John Backman is a guest writer whose voice we’re honored to share. You can read more about John in his bio at the end of the piece.
It always stuns me, and it shouldn’t because I’ve seen it so often: the same issue keeps popping up again and again in wildly unrelated contexts. Like this past month, when a lesson I’ve been learning as a spiritual director magically appeared in a story about the Church and LGBTQ+ people.
The lesson has to do with our need to “get somewhere.”
It first came up in my supervision group. (Many spiritual directors meet with a “supervision group”—usually a wiser, more experienced director and a few of us novices—to make sure our work is on track.) I’d been having great sessions with a directee, but they seemed scattered: there was no moving toward a goal, or solving a problem. They weren’t, in other words, “getting anywhere.” And it made me wonder if we were supposed to be getting anywhere.
In one of those classic signs of the Spirit, the same question had been haunting two other spiritual directors in the group.
As we talked it through, we began to realize that the answer was no. We’re not supposed to be getting anywhere with our directees: not if “getting anywhere” means making steady progress toward a goal, especially a goal of the director’s choosing. This is why the word director is such a misnomer. We’re not directors of anything; rather, we’re companions to the directees—the people really in charge—who are working out God’s will and presence in the depths of their souls. We just inform and nudge and ask questions.
In a nutshell, we “directors” respond to what’s put before us.
Sometimes, so does the Church. Recently, at our LOVEboldly Book Club, one of us told the story of a conservative megachurch that welcomed a lesbian couple. No one was trying to make a statement here: the couple simply showed up one Sunday, was warmly welcomed (as is typical for that church), and soon became part of the community. They actively volunteer in many aspects of church life.
Yes, there are probably whisperings about these two women and the life they lead. Parishioners undoubtedly have their opinions about homosexuality in general. But no one has pressed the issue in a public forum. No one has felt a need to.
In a nutshell, the church responded to what was put before it. They didn’t try to “get anywhere.”“As Christians, we often default to the idea that we must “get somewhere” in formulating a response to an issue that hasn’t touched us personally.”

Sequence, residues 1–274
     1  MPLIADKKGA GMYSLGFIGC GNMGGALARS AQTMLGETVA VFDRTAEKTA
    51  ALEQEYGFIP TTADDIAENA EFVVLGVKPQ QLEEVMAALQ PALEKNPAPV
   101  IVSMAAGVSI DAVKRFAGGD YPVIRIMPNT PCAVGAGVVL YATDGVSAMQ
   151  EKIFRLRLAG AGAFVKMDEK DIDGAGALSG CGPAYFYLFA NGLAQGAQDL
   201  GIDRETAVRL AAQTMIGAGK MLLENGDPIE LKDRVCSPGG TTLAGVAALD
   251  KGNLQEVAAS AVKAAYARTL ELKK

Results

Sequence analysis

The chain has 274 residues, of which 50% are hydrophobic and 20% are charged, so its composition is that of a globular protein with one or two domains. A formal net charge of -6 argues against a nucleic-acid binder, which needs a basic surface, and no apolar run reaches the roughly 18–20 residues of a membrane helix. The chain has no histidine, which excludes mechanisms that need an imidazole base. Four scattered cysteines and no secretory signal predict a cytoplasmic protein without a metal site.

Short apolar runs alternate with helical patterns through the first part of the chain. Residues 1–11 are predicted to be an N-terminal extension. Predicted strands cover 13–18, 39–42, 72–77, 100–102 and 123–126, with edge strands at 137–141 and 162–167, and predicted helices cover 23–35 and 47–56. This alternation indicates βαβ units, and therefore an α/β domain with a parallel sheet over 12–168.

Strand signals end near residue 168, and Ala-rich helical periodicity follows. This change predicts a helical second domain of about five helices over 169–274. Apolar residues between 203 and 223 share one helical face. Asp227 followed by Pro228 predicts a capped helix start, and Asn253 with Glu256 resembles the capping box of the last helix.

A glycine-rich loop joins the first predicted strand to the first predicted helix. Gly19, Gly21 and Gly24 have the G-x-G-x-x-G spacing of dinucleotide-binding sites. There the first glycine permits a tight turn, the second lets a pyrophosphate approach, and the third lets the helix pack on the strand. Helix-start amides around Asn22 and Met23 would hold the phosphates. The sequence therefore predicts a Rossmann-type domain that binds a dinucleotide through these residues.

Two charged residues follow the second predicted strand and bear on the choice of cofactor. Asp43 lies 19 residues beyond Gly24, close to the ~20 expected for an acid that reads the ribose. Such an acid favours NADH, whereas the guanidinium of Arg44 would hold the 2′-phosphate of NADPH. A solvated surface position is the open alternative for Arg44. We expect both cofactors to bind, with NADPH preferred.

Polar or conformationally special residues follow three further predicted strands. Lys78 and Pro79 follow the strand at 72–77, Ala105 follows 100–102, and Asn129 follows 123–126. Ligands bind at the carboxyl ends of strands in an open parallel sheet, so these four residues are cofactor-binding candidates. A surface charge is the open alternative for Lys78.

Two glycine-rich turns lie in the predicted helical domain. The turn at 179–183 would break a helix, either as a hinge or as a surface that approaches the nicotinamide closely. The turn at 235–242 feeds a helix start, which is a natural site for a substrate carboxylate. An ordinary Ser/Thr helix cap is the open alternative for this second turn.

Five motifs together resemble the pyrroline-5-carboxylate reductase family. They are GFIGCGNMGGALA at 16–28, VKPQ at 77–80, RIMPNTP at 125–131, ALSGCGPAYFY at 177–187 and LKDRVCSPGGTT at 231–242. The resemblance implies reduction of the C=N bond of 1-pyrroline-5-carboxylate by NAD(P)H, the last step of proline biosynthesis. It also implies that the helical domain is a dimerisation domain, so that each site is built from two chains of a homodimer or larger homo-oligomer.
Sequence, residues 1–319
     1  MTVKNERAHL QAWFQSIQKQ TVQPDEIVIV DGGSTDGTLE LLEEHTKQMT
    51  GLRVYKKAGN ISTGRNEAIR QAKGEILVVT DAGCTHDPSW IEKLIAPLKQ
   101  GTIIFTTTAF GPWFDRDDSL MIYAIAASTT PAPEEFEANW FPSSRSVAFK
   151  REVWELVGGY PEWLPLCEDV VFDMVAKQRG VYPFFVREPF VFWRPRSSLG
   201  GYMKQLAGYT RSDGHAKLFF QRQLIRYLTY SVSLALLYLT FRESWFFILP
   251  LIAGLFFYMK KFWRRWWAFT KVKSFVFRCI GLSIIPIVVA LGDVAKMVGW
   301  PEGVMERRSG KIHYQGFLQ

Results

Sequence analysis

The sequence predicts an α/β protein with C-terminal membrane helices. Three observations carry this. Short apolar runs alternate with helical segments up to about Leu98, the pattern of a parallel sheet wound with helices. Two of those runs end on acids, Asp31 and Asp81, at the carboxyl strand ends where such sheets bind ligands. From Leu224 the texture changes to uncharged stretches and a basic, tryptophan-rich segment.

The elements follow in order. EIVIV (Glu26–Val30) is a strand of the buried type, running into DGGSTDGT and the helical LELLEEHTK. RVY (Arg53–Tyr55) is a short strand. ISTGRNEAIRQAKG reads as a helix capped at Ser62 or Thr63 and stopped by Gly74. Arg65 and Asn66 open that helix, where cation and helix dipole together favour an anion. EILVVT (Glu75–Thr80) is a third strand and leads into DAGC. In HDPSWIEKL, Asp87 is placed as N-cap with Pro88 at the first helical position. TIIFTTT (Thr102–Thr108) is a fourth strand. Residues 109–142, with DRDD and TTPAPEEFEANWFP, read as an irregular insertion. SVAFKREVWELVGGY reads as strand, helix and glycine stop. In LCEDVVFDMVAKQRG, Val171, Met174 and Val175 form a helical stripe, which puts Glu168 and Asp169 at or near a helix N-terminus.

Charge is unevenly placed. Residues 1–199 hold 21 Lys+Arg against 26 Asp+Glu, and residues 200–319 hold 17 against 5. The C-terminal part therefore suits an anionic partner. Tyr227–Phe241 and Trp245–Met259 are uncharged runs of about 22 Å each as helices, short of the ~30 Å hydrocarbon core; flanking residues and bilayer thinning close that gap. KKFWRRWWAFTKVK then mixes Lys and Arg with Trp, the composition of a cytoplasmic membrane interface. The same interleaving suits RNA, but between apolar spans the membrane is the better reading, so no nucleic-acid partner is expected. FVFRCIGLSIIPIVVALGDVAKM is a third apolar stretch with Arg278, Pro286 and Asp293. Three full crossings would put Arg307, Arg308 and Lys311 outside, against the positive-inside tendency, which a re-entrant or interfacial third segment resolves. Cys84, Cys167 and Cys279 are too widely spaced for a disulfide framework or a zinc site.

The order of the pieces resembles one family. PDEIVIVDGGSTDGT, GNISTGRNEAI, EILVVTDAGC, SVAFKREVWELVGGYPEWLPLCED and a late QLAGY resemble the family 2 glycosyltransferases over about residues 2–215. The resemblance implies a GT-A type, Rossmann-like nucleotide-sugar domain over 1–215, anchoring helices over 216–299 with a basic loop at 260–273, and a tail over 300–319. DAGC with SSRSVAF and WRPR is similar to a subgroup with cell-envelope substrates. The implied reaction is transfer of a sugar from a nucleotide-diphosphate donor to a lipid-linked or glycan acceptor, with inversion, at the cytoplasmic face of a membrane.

That may change someday. Perhaps these women will sense a call to ordination. Maybe at that point, the congregation will need an honest, open conversation about its stance toward homosexuality.
But their approach for now has wisdom in it. As Christians, we often default to the idea that we must “get somewhere” in formulating a response to an issue that hasn’t touched us personally. This gets us into abstract arguments that often exclude the people whose lives it might change. It feels different from at least one aspect of Jesus, who spent a good chunk of his life meeting specific people, responding to specific needs and questions.
What if we decide to postpone “getting somewhere”? What if we suspend our decision-making urge, put off difficult decisions until they demand an answer from us, and in the meantime carry out the work of walking together in love?“What if we suspend our decision-making urge, put off difficult decisions until they demand an answer from us, and in the meantime carry out the work of walking together in love?”
About the Author
As a spiritual director, an associate of an Episcopal monastery and a genderfluid Christian, John Backman writes and speaks about contemplative spirituality and its surprising relevance for today’s deepest issues—including issues of gender and sexuality. He authored Why Can’t We Talk? Christian Wisdom on Dialogue as a Habit of the Heart (SkyLight Paths) and contributes regularly to Huffington Post Religion. His articles have appeared in RELEVANT, IMPACT, and many other publications.